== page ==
When a meteor enters the atmosphere, it will leave an ionized trail at an altitude between 80 km and
120 km. These ionized trails are capable of reflecting radio signals. By looking for these reflections
the meteor can be observed. The advantage of this kind of observation is that they can be made
regardless of the conditions. Observations can be done with a full moon, in daylight and during cloudy
or rainy weather. Radio detection also gives higher observation rates than visual observation rates.
The reason this occurs is because the ionized track is larger than the meteor itself. Particles down to
10^-5 kg can be detected visually, while particles down to 10^-10 kg can be detected by radio.
Assuming a density of 1 t/m3, these mass limits correspond to diameter of about 3 mm visually and
0.06 mm by radio, respectively. By using radio observation you can detect meteors down to 8th
The way in which a meteor trail reflects radio waves depends on the density of free electrons in the
trail. Generally, there are two types of meteor trails. Under dense, the ones with very low electron
densities, less that 2 x 10^14 electrons per meter, and over dense, the ones with very high electron
densities, over 2 x 10^14 electrons per meter. Under dense meteors, of course, correspond to faint
meteors. Observations of under dense reflections can detect a meteoroid mass range that is not
observable with the naked eye.
The profile of the meteor is a graph of the received signal strengths. Under dense and over dense
meteor trails have different profiles. The profile of an under dense trail (fig. 1) shows a very steep rise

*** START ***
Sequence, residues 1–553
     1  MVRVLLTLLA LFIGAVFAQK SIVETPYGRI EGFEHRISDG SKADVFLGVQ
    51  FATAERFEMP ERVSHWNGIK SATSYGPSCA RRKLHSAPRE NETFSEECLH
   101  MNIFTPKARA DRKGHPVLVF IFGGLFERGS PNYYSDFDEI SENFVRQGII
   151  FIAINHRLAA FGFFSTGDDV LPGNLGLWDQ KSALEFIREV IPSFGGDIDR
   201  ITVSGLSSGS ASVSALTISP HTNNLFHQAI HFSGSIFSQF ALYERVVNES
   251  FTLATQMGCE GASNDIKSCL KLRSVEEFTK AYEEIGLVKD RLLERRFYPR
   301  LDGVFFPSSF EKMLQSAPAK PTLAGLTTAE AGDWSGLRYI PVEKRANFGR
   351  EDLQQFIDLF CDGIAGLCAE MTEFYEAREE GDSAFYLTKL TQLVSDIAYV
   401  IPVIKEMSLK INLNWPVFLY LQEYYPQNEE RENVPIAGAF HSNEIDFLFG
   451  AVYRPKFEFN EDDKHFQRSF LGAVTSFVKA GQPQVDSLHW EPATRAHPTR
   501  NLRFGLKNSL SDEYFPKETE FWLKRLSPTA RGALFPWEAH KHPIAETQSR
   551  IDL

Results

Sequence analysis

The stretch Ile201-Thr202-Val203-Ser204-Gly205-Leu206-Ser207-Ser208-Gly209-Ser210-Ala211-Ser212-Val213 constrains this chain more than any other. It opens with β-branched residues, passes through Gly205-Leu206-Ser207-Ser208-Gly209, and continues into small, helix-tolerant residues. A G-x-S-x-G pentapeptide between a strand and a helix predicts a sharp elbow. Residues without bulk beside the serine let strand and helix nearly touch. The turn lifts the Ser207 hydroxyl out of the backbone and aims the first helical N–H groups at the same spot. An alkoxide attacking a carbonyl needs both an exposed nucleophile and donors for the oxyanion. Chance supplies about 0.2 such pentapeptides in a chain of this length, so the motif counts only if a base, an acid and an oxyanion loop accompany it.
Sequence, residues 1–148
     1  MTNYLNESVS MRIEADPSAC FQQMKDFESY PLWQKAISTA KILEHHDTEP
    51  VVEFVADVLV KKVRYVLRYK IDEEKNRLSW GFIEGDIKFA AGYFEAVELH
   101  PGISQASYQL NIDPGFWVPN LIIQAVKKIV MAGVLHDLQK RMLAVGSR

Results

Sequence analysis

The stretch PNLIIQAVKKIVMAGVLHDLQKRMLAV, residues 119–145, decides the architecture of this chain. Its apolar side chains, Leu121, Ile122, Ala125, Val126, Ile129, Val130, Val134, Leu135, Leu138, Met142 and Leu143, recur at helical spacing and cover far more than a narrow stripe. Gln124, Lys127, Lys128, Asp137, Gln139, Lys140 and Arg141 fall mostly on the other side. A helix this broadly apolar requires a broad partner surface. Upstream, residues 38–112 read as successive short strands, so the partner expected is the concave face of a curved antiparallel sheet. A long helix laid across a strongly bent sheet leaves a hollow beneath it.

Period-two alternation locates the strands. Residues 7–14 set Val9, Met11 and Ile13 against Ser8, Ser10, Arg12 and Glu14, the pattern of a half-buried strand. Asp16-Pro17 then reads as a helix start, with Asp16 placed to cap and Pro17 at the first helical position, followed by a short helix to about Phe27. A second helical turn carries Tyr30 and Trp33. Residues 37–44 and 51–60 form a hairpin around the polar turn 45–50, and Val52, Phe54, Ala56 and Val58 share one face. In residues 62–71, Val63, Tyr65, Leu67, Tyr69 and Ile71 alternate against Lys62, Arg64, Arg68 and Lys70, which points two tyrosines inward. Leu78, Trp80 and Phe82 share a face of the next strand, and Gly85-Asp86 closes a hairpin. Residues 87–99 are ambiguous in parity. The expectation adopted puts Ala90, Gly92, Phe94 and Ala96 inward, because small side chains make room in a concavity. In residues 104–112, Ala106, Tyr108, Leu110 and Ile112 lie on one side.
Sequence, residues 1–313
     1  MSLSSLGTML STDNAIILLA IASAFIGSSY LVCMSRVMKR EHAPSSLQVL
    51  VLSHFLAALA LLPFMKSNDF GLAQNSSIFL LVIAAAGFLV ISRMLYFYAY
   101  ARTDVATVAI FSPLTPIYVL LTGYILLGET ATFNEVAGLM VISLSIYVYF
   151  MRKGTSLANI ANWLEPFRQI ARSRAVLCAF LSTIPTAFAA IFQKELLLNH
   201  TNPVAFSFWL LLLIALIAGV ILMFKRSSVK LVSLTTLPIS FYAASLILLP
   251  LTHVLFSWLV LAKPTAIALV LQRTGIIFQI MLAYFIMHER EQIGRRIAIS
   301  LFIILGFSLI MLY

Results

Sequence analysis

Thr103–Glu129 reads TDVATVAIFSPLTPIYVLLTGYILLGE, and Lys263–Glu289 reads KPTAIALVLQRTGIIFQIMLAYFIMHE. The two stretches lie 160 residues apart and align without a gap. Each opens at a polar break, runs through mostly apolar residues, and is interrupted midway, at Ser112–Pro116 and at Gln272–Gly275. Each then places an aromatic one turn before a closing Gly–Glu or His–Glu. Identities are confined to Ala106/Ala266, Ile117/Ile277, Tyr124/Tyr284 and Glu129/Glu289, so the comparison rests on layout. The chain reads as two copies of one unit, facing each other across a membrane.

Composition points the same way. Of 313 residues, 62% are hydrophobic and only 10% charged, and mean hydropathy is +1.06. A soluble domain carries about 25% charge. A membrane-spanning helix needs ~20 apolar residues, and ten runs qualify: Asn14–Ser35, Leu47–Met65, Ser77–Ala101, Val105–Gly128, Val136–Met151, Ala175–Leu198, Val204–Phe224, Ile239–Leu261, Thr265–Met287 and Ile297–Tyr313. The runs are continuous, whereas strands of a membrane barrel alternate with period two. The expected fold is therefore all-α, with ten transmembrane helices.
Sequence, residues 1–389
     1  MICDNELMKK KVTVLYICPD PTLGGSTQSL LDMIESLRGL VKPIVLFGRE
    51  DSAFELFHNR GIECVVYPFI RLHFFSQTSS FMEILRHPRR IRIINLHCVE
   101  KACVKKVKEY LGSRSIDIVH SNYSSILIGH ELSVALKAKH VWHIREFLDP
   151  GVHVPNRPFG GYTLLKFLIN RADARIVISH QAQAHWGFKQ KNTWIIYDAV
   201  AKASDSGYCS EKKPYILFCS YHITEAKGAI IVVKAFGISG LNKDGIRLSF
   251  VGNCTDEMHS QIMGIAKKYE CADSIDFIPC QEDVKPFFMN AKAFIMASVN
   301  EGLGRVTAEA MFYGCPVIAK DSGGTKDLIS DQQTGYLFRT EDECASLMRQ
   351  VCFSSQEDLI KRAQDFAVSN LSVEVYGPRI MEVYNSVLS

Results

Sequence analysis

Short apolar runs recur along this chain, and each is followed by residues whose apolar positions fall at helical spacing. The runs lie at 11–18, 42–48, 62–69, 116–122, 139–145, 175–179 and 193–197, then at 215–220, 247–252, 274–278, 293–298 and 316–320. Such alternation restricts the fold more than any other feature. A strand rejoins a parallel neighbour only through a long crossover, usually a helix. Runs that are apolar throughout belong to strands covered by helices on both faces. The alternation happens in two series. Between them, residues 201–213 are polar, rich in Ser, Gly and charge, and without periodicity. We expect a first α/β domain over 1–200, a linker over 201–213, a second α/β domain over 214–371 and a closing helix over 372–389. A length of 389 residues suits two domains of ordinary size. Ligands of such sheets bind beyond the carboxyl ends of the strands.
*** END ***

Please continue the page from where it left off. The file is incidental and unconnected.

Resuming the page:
of a few hundreds of a second which is followed by an exponential decay . The signal last no more
than a few tenths of a second. Over dense trails (fig. 2) can last for seconds with the signal strength
unpredictable and often highly irregular.
Apart from the simplicity of the received signal strength profile, under dense meteors have two other
qualities. They are very numerous (allowing the use of statistical techniques) and they strictly obey
the specularity rules. This property creates a link between the position of the meteor reflection point
in the sky and the meteor path in the atmosphere. This is especially useful with the radio observation
of meteor streams.
Overdense meteors are less numerous and correspond to brighter meteors. Because the trail is
large, it is often spread about by the wind. This is why the profile is often very irregular. Because of
the spreading of the trail by the wind, there is not always a link between the reflection point and the
location of the meteor path in the atmosphere. Statistical reduction of over dense meteor
observations is therefore difficult.
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